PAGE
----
TIME TO COMPLETE: 10 minutes
WHAT YOU NEED: Paper and pen, Blank TAB printout
SKILL LEVEL: Beginner to intermediate
Have you ever tried writing your own TAB (or tablature) for song ideas or riffs? Being able to write your own TAB is a key skill for guitarists. Once you get used to understanding how to write TAB properly you will be able to write ideas and riffs down without even playing them on guitar. By learning to write your own TAB you will also be able to transcribing songs by ear (although that’s another lesson all together).
Imagine sitting on a train and having this idea for a song riff. You could use your phone to record yourself hum or sing the part – but you may get a few weird looks from other passengers. The alternative is to write down what you think the TAB would be. At first it can be quite hard to find the right notes and you will probably find that your TAB doesn’t sound like it should. But the more you practice this skill the closer you will get to getting it right. Eventually you will be able to think up of an idea and straight away write down the exact TAB so when you get home to your guitar you will be able to play it perfectly. This is a powerful skill many guitarists don’t have, but the truth is it can be learned just like any other skill on guitar.
FIRST STEP: BEING ABLE TO READ TAB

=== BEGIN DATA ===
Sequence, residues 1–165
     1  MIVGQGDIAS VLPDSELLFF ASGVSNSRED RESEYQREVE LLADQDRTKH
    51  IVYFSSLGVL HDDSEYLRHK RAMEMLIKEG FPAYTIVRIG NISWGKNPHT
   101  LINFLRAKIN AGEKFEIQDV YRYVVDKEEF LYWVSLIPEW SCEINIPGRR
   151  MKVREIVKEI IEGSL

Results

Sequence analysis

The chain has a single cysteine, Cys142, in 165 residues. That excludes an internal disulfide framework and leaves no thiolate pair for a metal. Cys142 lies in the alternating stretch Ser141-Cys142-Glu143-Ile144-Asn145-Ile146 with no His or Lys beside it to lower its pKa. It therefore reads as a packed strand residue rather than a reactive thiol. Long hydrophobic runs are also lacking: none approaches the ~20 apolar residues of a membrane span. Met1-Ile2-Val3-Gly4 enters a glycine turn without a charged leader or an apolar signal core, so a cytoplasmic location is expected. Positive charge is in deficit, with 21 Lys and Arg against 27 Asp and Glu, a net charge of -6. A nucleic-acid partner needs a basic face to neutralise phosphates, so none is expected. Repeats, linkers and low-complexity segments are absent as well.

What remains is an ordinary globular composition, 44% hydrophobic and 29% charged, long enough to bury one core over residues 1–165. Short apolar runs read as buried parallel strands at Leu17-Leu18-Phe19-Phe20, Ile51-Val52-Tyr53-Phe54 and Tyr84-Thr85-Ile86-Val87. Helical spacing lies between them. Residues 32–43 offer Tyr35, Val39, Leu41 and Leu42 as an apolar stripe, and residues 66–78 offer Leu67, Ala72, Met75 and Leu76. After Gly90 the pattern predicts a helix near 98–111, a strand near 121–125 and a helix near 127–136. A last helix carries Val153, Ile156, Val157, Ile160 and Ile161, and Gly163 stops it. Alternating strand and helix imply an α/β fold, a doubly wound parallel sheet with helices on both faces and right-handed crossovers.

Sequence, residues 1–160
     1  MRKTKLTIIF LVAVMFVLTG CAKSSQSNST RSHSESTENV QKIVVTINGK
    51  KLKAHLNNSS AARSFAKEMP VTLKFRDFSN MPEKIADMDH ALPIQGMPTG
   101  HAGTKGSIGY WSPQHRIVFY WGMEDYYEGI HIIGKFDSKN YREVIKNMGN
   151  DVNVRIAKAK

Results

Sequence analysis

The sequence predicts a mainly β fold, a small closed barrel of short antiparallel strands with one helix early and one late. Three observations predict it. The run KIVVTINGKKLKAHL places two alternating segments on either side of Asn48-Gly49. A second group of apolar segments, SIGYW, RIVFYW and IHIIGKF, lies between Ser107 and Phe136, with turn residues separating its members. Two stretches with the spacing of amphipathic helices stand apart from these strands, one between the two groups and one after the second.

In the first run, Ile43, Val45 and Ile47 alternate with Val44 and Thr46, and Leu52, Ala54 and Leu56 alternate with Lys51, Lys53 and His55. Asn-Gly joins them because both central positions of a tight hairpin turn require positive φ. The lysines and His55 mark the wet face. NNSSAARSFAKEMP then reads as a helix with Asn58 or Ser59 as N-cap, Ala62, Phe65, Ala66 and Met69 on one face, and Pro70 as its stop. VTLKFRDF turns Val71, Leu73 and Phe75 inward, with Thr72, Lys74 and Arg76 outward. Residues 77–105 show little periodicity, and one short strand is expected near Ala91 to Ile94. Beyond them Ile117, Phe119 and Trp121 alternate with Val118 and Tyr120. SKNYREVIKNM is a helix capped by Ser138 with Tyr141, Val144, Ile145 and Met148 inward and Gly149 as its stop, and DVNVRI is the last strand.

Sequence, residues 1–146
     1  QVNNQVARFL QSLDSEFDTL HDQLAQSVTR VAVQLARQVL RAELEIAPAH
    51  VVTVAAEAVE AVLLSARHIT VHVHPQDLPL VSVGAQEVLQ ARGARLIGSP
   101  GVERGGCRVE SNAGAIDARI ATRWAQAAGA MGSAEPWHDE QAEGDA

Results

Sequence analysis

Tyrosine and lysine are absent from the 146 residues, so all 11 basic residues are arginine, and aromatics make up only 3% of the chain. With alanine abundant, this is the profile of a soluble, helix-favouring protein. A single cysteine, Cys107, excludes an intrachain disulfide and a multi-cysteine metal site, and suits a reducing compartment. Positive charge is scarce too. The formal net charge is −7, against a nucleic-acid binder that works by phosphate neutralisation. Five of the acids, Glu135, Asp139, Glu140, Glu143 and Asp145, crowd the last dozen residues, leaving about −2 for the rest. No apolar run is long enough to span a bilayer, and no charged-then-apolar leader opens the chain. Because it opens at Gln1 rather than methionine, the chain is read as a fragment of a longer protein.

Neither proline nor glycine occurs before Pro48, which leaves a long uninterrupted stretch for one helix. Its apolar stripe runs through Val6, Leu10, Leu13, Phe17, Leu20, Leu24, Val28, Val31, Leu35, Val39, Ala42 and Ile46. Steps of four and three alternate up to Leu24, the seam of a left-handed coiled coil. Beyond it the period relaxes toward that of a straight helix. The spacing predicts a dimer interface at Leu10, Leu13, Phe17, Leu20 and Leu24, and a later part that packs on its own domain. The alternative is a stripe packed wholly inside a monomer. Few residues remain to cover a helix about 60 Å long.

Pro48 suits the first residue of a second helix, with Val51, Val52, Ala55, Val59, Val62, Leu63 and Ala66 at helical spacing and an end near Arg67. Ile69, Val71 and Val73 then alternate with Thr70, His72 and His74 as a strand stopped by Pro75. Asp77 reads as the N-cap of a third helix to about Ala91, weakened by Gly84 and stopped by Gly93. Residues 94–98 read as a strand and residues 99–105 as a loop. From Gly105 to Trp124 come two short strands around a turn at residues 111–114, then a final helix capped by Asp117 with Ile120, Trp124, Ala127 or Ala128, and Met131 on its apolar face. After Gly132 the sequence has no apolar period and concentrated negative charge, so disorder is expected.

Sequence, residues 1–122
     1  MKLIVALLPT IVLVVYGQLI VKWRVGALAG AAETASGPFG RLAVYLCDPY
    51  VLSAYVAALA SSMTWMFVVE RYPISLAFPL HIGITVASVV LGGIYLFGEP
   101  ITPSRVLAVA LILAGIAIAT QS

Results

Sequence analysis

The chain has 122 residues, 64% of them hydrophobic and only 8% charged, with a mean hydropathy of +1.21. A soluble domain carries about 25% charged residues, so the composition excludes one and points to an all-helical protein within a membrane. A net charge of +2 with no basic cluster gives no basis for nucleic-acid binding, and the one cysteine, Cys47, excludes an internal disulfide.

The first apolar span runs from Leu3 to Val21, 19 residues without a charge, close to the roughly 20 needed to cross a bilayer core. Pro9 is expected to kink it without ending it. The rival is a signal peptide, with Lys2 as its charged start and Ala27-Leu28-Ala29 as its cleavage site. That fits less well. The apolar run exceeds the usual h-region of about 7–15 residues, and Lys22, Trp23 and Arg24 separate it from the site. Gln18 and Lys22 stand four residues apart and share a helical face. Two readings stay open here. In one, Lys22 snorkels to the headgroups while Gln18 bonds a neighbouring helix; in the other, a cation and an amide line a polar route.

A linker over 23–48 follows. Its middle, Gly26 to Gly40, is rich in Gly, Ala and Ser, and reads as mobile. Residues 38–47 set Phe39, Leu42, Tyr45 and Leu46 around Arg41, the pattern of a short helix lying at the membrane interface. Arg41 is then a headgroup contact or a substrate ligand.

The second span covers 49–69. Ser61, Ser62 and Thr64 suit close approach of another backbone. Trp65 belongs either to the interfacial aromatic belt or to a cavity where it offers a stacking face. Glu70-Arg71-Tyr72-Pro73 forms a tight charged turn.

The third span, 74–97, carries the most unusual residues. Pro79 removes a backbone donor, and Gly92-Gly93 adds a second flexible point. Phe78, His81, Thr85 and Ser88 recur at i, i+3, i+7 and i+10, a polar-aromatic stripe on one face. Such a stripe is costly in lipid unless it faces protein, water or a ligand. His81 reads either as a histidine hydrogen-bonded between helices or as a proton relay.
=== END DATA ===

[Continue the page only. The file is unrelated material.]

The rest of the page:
It should be obvious but to be able to write your own TAB you need to be able to read TAB with ease. If you still struggle to figure out whether the low E string is the bottom or top line in TAB then the first step is to brush up on your understanding (Answer: it’s the bottom line). If you haven’t learned TAB yet you will be glad to hear that it’s incredibly simple. Guitarists have it easy compared to other musicians who don’t use TAB. Learning how to read standard notation on the other hand is much more difficult (but worthwhile). You should learn standard notation too because TAB has it’s own limitations that standard notation can fix. But to start off it’s completely fine to learn TAB.
If you can comfortably read TAB, move on to the second step. If not, keep learning – it’s easier than it looks. Have a search for lessons on the Internet that explain how to read TAB and read more than one lesson on it as every person will explain it in different ways. Here’s a lesson on TAB basics.
SECOND STEP: TRANSCRIBING SIMPLE PARTS
Once you fully understand how to read TAB, you can start trying to write down simple parts you play on guitar. Start out very simple and play one note at a time. Only play a few notes to begin with or it will be too hard to remember it all. Once you play your simple part, have a go writing it down. If you think the TAB looks right then play it back on guitar and listen if there are any mistakes. If it ends up being completely wrong and confusing, try a simpler part. On the other hand if you found that incredibly easy, try a longer or more complicated part.
This is an incredibly easy skill to learn. All you need to do is try it again and again. Start by writing down simple parts then work your way to more complicated parts.
Try out these simple ideas and write the TAB down for each part you come up with.